Journal of Chemical Ecology

, Volume 32, Issue 12, pp 2695–2708 | Cite as

Behaviorally Active Green Leaf Volatiles for Monitoring the Leaf Beetle, Diorhabda elongata, a Biocontrol Agent of Saltcedar, Tamarix spp.

  • Allard A. Cossé
  • Robert J. Bartelt
  • Bruce W. Zilkowski
  • Daniel W. Bean
  • Earl R. Andress


Biological activity and chemistry of host plant volatiles were investigated for Diorhabda elongata, Brullé (Coleoptera: Chrysomelidae), a biological control agent for the invasive tree, saltcedar (Tamarix spp., Tamaricaceae). Gas chromatographic–electroantennographic detection (GC-EAD) analysis of volatiles collected from adult D. elongata feeding on saltcedar foliage or from saltcedar foliage alone showed 15 antennally active compounds. These compounds were more abundant in collections from beetle-infested foliage. Antennally active compounds were identified by GC–mass spectrometry (MS) and confirmed with authentic standards. The emissions of the most abundant GC-EAD-active compounds, green leaf volatiles (GLV), were quantitated by GC-MS. A blend of four GLV compounds, mimicking the natural blend ratio, was highly attractive to male and female D. elongata in the field, and a combination of GLV and male-produced aggregation pheromone attracted significantly greater numbers of D. elongata than did either bait alone. A preliminary experiment with a blend of seven additional GC-EAD-active saltcedar volatiles did not show any behavioral activity. The combination of the pheromone and the green leaf odor blend could be a useful attractant in detecting the presence of the biocontrol agent, D. elongata, in stands of saltcedar newly colonized by the beetle.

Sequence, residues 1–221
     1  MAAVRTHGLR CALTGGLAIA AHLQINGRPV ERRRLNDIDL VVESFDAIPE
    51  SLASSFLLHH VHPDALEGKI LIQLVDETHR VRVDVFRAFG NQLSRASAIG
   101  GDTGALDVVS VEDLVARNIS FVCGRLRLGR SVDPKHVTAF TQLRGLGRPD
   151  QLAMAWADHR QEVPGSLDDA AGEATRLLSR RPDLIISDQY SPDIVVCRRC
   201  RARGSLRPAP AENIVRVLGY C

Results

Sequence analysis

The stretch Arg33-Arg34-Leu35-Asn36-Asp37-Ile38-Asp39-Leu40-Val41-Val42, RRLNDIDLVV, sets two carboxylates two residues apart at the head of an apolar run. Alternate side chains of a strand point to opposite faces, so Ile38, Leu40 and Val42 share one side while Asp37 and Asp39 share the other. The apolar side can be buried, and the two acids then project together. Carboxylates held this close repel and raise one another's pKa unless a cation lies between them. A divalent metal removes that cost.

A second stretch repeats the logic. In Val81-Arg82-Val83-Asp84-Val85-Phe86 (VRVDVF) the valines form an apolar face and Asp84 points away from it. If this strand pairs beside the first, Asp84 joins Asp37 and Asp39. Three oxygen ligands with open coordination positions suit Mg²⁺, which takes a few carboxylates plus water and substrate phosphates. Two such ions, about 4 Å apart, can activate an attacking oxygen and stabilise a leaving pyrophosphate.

Biological control Chrysomelidae Coleoptera Diorhabda elongata Electrophysiology Field evaluation Green leaf volatiles Host-odor attractants Saltcedar Tamarix ramosissima 


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Copyright information

© Springer Science+Business Media, LLC 2006

Authors and Affiliations

  • Allard A. Cossé
    • 1
  • Robert J. Bartelt
    • 1
  • Bruce W. Zilkowski
    • 1
  • Daniel W. Bean
    • 2
  • Earl R. Andress
    • 3
  1. 1.Crop Bioprotection Research Unit, National Center for Agricultural Utilization ResearchUSDA Agricultural Research ServicePeoriaUSA
  2. 2.Department of Vegetable Crops, 133 Asmundson HallUniversity of California-DavisDavisUSA
  3. 3.USDA APHISBrawleyUSA

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